Japan’s fourth largest automaker, Suzuki Motor, has announced that its 85-year-old chief executive officer Osamu Suzuki has appointed his eldest son, Toshihiro Suzuki, as the new president of the company.
The announcement, highly anticipated the shareholders, is a move to appease investor concerns over the automaker’s top management succession plans – reflected in the surge of company shares by at least five percent following the news. Executive Vice President Toshihiro Suzuki has become, effective Tuesday, the new company president and chief operating officer, while his father retained the roles of CEO and chairman. “If I don’t say much and stop working, I’ll get dementia, so I’ll continue to work an appropriate amount,” said the long running leader to media representatives. He added he would continue to observe the capital tie-up with Volkswagen Ag, initiated back in 2009, together with Yasuhito Harayama, a former executive vice president and bureaucrat at the Ministry of Economy, Trade and Industry, who has also been appointed to the newly role of Vice Chairman.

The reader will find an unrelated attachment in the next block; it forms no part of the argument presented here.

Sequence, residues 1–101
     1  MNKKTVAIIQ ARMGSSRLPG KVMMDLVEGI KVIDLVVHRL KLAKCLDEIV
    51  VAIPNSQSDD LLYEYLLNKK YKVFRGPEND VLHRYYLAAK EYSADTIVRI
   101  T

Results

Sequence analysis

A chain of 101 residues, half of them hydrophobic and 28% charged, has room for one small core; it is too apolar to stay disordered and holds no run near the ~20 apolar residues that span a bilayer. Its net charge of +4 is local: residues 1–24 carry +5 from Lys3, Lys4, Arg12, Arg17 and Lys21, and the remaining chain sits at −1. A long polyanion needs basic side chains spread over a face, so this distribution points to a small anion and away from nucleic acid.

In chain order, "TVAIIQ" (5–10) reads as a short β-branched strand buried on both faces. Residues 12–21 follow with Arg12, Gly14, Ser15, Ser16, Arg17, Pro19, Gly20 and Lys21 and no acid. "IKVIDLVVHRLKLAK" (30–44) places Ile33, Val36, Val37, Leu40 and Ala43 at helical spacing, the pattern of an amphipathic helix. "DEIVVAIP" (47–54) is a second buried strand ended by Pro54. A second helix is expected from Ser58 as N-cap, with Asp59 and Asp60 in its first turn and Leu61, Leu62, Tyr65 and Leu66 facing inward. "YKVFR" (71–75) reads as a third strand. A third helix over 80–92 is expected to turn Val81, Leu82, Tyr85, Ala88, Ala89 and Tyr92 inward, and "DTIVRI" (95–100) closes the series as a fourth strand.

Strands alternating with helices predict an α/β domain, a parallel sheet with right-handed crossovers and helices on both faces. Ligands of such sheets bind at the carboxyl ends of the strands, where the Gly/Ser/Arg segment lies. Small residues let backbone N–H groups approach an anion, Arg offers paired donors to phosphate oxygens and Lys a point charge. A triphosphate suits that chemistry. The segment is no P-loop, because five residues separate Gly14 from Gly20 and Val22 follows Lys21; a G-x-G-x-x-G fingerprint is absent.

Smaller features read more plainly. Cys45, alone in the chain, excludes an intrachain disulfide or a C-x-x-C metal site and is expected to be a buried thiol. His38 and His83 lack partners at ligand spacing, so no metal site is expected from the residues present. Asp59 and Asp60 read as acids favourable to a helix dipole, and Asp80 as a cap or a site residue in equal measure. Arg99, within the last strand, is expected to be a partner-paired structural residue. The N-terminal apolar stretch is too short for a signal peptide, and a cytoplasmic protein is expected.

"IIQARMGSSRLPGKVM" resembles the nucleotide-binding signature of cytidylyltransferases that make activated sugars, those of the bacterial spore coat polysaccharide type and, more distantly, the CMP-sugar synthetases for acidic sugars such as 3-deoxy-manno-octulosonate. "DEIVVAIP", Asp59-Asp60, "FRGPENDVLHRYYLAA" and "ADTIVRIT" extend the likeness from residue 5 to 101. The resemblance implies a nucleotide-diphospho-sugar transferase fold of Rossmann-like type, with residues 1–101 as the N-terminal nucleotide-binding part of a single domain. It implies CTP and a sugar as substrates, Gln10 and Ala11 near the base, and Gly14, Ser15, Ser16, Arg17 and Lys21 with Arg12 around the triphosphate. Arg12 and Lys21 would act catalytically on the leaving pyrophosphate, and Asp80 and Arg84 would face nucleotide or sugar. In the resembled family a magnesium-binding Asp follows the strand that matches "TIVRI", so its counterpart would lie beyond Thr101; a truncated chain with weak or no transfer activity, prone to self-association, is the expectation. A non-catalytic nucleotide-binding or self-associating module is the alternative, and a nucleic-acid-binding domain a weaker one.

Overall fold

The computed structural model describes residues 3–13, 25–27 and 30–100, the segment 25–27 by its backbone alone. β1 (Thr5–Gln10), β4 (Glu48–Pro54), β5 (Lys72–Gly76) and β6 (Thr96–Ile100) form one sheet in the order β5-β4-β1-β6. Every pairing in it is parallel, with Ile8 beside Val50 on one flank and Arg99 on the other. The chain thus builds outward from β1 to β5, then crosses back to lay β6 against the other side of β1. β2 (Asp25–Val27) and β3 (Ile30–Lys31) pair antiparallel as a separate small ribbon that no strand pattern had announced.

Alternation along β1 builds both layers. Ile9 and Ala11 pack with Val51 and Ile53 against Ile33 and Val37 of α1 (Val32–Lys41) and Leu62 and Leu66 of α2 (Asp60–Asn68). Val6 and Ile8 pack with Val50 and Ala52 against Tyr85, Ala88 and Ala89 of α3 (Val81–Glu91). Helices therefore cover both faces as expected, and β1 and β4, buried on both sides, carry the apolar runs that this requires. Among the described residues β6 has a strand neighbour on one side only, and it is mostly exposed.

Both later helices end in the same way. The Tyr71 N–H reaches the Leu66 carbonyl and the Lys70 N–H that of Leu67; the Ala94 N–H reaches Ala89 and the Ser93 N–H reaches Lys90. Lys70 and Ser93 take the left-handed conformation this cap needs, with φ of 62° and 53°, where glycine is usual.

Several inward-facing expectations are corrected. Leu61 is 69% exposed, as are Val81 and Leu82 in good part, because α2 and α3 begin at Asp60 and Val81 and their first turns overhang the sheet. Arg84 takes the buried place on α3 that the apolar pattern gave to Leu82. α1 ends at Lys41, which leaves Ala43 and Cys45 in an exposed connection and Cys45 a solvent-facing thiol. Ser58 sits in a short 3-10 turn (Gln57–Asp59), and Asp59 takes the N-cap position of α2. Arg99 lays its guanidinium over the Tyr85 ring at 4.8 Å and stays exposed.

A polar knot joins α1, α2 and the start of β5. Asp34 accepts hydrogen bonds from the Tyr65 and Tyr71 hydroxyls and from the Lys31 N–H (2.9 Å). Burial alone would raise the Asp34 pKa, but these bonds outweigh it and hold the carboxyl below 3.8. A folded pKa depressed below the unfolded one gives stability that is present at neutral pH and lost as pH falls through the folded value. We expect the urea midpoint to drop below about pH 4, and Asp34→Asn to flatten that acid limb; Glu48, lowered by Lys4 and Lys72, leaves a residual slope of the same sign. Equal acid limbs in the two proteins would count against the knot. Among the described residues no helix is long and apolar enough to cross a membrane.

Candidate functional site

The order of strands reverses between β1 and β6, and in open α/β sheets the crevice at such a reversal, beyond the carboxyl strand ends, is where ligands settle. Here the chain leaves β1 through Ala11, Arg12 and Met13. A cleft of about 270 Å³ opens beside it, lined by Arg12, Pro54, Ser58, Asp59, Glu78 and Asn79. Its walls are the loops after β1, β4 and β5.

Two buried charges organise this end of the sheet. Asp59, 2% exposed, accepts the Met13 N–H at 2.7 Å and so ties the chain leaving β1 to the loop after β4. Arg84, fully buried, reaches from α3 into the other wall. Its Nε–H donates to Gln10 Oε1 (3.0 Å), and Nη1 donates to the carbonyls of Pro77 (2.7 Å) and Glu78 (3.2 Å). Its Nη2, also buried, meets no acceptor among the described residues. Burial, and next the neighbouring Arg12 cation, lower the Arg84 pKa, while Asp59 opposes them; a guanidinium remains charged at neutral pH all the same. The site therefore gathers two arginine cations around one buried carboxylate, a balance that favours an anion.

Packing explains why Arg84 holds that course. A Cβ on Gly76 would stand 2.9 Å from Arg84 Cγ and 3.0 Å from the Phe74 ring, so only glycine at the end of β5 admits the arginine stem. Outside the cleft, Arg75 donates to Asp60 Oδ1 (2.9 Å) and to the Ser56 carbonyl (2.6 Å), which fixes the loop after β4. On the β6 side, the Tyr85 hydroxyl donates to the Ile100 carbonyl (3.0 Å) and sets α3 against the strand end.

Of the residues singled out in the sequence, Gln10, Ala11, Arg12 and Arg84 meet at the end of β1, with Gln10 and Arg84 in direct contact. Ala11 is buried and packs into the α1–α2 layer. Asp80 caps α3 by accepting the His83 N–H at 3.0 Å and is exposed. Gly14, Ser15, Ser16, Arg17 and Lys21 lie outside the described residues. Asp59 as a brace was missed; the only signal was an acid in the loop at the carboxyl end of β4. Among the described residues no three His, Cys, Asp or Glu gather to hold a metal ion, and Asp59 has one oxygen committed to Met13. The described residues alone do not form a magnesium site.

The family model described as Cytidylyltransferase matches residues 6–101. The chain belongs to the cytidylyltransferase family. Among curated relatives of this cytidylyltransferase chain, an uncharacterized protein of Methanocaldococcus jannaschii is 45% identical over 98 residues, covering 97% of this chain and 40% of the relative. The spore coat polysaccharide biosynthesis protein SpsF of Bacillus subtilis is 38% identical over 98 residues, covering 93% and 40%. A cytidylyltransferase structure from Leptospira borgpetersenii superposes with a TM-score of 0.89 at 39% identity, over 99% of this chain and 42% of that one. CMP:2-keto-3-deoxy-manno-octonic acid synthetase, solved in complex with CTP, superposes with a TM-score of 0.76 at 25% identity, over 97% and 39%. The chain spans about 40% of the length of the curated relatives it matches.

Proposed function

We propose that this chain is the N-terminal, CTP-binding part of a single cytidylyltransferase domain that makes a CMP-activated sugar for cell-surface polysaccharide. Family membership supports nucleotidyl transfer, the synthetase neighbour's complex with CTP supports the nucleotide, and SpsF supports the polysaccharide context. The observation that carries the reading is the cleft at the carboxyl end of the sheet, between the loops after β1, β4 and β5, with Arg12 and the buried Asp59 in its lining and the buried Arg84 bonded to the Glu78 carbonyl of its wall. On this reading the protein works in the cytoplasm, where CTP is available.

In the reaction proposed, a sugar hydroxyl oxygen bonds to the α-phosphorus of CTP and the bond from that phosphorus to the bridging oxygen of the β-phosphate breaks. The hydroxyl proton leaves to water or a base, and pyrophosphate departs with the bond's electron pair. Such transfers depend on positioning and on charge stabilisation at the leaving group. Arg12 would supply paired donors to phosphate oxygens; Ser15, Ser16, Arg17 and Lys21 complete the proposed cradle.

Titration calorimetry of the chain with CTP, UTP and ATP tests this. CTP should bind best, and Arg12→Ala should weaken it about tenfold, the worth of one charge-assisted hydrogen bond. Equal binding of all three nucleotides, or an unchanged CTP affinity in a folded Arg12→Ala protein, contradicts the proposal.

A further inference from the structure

Suzuki is now trying to shed the VW Ag connection as it moves to buy back the 19.9 percent stake it gave to the largest European automaker and has enlisted an international arbitration court after the deal went sour. Suzuki also established new financial targets under a five-year business strategy – lifting revenue to a new record and growing car sales to 3.4 million vehicles in the year ending March 2020. They also set the year’s dividend ratio at 15 percent, lower than Nissan’s 36.6 percent or Toyota’s 29 percent.